New business. It’s the lifeblood of any practice. Successful advisors have a well-oiled referral pipeline they use to generate leads and, ultimately, new clients. Do you find yourself spinning your wheels in building your referral business?
If so, it’s time to hone your skills. Jay Grubb, of Buford, Ga.-based Key Financial Partners, has a unique perspective on referrals–he has made them the central part of his business. On Aug. 25 at this year’s Senior Market Advisor Expo, Grubb will talk about his success and how he has utilized referral channels to grow his business. On the following pages, learn how Grubb (in his own words) has developed a multi-million-dollar referral practice.
Channel 1: Clients
You couldn’t ask for a better source than your current clients giving you a referral. If you do something good for a client, you couldn’t pay for advertising that works as well. There are ways I’ve found to get clients to refer your business. First, you have to gain their trust. Be their trusted advisor.
I have found that clients like to know how you get paid. I let them know that the main way I get paid is through referrals. It’s not a direct payment, of course, but their referral will lead to my next paycheck.
On the first appointment, this is how I explain to the client my compensation. It usually goes something like this:
“Before we go any further in our discussion, it is important to me to explain how we are paid. We are compensated for our work in three ways.
- “The first is from the fees we charge. We charge a flat fee that includes a full year of service. The fee ranges from $0 to $10,000, depending upon the complexity of the situation. All of our fees are quoted in advance. And, unlike your attorney or CPA, we do not bill hourly for our time. (Typically I don’t charge unless the client is worth over $10 million.)
- “The second way I am compensated comes from the products we sell. We offer the same quality financial products that you can access through most major banks, brokerage firms and insurance organizations. I can’t create the need for a product–the facts of your situation will determine that need. If there is a need and you decide to satisfy it with a product, I expect that you would purchase that product through me.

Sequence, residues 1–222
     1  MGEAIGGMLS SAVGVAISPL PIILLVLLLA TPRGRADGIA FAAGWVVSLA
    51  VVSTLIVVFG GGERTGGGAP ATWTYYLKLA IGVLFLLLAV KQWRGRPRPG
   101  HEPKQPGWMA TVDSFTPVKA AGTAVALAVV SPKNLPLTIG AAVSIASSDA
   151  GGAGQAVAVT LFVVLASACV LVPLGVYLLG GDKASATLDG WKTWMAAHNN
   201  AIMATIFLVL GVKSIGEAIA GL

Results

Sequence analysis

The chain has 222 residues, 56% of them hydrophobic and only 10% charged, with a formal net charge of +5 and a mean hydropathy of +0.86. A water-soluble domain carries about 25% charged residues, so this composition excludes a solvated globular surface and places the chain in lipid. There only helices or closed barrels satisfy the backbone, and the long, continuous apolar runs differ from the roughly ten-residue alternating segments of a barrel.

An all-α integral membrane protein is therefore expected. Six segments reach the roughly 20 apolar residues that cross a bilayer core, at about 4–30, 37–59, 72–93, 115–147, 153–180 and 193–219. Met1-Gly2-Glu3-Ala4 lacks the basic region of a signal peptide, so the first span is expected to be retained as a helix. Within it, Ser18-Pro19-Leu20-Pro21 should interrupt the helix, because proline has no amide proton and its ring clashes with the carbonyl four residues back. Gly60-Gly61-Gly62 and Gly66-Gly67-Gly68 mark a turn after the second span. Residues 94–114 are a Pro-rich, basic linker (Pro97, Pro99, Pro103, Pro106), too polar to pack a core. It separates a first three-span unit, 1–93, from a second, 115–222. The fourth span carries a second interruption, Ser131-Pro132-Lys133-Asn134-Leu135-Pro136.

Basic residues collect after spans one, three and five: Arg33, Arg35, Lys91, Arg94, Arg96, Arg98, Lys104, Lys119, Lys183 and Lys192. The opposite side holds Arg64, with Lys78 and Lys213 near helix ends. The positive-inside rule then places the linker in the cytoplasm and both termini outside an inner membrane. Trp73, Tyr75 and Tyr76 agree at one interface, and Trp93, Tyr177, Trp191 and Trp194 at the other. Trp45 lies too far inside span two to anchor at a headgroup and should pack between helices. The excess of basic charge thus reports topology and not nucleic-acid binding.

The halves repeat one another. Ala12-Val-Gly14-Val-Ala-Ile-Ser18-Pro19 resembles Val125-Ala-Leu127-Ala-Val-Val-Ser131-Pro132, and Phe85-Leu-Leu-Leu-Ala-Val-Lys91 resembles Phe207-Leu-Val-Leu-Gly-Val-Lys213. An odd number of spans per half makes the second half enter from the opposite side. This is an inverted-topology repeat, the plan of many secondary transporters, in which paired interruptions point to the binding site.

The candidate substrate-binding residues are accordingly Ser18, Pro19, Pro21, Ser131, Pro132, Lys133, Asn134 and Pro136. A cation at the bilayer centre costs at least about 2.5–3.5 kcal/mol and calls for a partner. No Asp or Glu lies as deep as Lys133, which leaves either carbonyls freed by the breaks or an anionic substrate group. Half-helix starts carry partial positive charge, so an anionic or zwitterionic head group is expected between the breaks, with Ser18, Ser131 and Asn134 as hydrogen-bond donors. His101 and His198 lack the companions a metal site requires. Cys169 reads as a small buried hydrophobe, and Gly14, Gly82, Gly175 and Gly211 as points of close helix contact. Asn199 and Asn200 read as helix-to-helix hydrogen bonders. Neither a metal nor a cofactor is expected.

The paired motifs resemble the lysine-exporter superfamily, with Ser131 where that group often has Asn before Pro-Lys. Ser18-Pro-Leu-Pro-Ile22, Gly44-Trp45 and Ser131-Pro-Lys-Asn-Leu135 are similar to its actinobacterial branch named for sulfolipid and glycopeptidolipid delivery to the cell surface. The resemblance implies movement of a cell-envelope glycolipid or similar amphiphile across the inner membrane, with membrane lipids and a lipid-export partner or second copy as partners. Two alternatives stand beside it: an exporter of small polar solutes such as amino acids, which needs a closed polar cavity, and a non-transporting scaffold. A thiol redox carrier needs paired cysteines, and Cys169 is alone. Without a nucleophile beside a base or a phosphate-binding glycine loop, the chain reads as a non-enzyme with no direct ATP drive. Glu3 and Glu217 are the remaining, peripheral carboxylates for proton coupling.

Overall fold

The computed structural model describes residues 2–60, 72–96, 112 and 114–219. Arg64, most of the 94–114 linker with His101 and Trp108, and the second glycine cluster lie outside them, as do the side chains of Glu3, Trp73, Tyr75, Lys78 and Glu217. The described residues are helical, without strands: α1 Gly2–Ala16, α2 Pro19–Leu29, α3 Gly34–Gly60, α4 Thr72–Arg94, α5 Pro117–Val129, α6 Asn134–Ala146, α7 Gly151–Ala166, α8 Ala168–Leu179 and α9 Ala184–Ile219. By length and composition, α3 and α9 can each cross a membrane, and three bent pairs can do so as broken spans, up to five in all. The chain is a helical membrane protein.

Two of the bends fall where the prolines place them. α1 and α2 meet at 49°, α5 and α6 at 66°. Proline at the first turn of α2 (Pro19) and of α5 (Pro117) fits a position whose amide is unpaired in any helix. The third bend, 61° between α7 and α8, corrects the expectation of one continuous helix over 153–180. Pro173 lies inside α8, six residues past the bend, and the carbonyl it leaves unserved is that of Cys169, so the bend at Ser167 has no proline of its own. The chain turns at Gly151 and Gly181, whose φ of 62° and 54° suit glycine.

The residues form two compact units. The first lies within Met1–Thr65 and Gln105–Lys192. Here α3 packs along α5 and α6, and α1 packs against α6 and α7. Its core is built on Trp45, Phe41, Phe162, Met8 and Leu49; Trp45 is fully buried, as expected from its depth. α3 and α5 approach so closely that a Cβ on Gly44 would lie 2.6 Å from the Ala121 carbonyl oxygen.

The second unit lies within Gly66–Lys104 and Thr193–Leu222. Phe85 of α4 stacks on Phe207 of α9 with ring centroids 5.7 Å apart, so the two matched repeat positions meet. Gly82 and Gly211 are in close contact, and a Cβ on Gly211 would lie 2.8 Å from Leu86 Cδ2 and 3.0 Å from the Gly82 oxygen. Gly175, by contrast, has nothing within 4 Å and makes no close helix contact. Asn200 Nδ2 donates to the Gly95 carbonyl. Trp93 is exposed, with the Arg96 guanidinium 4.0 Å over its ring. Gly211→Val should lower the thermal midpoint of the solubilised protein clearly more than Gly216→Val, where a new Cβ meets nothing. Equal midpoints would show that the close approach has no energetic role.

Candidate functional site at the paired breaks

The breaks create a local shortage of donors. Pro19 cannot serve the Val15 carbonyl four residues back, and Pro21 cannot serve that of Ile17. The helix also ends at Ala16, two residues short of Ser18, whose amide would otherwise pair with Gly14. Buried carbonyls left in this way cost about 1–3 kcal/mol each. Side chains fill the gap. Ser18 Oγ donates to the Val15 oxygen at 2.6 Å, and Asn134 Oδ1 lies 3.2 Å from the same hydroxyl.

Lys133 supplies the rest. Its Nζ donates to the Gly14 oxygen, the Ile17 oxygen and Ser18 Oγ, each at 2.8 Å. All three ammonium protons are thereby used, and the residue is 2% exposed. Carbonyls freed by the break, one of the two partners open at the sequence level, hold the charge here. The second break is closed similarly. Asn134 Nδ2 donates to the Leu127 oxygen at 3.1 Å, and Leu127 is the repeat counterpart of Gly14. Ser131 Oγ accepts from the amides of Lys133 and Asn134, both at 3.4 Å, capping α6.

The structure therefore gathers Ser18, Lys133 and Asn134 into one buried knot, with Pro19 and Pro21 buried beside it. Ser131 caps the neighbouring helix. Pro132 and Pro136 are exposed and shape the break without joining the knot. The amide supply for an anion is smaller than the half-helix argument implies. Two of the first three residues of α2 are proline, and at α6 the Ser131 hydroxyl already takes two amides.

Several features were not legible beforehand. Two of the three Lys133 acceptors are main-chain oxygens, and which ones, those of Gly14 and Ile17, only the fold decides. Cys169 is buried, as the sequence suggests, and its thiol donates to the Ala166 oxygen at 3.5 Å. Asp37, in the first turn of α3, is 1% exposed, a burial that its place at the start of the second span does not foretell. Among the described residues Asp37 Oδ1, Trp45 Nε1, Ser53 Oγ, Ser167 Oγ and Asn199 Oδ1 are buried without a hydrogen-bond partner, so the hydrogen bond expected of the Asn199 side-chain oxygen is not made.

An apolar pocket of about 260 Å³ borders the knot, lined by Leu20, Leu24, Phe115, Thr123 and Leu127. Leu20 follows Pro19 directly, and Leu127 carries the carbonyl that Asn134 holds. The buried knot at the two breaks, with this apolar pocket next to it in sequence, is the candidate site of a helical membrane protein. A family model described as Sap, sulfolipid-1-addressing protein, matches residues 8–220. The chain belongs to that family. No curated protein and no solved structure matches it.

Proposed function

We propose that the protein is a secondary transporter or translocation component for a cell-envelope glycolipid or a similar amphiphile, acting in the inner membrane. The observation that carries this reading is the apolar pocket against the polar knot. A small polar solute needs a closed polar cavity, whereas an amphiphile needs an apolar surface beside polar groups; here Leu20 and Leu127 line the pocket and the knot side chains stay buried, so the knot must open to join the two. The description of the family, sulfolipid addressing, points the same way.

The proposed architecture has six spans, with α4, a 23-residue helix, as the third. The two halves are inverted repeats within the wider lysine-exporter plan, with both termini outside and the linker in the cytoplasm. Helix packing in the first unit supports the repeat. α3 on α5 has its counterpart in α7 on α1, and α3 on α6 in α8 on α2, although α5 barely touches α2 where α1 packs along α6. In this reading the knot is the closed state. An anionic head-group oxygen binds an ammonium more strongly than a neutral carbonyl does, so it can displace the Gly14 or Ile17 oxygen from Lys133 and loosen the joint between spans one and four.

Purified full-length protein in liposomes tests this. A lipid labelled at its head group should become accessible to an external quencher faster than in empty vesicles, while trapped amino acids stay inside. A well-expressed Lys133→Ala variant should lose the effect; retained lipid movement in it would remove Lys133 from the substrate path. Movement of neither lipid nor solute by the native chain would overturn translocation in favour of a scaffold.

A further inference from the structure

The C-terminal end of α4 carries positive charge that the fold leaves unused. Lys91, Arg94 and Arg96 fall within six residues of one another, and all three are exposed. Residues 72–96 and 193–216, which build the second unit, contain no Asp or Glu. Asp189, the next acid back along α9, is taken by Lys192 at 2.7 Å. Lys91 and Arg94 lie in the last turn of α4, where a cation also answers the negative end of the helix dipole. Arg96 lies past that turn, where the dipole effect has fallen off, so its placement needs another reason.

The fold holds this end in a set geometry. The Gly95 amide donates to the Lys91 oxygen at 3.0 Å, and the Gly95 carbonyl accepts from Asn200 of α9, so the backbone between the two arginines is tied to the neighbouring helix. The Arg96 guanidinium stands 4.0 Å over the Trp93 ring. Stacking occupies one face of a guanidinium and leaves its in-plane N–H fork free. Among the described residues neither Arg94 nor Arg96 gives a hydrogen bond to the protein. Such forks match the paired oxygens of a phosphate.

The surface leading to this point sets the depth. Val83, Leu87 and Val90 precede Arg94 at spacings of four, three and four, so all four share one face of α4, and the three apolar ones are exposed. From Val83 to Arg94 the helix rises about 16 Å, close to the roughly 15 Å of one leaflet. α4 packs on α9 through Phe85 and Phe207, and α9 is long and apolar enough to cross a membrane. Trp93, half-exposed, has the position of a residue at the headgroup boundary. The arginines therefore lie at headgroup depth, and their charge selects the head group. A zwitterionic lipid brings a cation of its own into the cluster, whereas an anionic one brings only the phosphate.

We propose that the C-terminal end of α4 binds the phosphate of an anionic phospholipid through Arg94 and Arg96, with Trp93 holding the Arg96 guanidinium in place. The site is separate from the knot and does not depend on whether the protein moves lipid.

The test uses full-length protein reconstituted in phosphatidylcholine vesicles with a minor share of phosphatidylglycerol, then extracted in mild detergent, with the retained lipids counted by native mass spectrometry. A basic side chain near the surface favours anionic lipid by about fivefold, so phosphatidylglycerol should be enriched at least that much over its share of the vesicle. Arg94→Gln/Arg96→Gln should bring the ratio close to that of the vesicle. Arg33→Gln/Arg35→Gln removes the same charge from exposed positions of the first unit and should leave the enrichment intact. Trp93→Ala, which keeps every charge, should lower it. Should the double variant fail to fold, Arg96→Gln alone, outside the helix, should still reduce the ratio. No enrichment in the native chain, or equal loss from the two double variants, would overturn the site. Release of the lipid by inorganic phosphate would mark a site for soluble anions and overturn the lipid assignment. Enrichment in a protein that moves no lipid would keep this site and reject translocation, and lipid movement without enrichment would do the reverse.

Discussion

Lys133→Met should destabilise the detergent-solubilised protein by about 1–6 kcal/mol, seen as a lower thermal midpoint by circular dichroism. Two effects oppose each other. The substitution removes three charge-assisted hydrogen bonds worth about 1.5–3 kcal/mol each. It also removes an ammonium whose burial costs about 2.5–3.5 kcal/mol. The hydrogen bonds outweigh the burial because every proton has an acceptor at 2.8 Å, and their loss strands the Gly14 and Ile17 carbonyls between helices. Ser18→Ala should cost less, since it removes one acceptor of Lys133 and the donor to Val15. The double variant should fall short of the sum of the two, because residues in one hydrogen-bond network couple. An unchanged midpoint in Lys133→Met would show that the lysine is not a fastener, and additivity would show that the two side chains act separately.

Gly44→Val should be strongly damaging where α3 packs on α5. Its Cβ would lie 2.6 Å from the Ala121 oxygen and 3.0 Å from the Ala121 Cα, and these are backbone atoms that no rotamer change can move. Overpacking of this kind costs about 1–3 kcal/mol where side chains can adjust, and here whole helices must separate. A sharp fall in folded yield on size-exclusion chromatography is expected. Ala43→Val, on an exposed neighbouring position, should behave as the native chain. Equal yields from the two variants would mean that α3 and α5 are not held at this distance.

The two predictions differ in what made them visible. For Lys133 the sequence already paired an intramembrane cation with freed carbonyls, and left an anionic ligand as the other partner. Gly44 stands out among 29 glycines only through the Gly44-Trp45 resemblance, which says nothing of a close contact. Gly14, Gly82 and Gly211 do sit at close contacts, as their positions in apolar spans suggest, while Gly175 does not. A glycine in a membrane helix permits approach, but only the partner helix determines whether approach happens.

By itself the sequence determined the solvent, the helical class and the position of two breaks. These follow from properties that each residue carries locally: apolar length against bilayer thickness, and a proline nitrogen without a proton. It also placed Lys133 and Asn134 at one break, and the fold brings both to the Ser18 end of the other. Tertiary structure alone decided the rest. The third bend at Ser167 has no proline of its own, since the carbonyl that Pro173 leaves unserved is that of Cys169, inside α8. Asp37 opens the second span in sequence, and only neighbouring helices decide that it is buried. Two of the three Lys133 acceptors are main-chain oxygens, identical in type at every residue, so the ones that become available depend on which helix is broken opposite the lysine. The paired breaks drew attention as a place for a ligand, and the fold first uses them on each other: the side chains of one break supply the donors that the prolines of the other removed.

- “Finally, and most important to me, I am compensated from what I call your active good will. As I mentioned earlier, I’m currently involved in an active effort to grow my practice. As a result, based solely on your total satisfaction with our work once it’s complete, I will ask you for your help in identifying and introducing me to people like yourself who might also benefit from our services.”
Channel 2: CPAs and attorneys
The products I work with are fixed annuities and life insurance. Nothing else. So I have found an opportunity in partnering with CPAs and lawyers by getting to know them and establishing the type of client they work with. I don’t have a securities license and the CPAs and attorneys I work with typically don’t do insurance business. When I got started in this business, I realized there was a gap that could be filled. So, I meet with CPAs and tell them it’s in their best interest to get a percentage of their client’s assets in fixed products. My pitch to a CPA, for instance, would be, “When the market does good, your client is not going to lose any money. When the market does bad, they’ll thank you for referring them to me.”
The way the relationship works between me and the partners is we either have to set up a compensation plan or a partnership where the CPA or attorney gets a referral fee, or you can set up a partnership where the attorney or CPA gets compensated for the referral.
I’ve found that most want to help out, they just don’t know how. If you can get the right experts in place, it’s the best situation for the client.
In looking over my business, I would say that 90 percent of my work is joint work with other financial advisors. I have found that once you establish a relationship with another financial advisor who has a different area of expertise, then they will bring you business, referring their clients for you to provide service on the insurance side of the business. Think about independent financial advisors, in particular the ones that focus on securities. Typically, the drop-off each year in their book of business is, on average, 3 to 5 percent, due to transfers, finding another advisor or situations where the client passes away or moves out of state, etc. Things happen. In this economic environment, it’s now a lot higher. I would say it could be as much as 15 percent.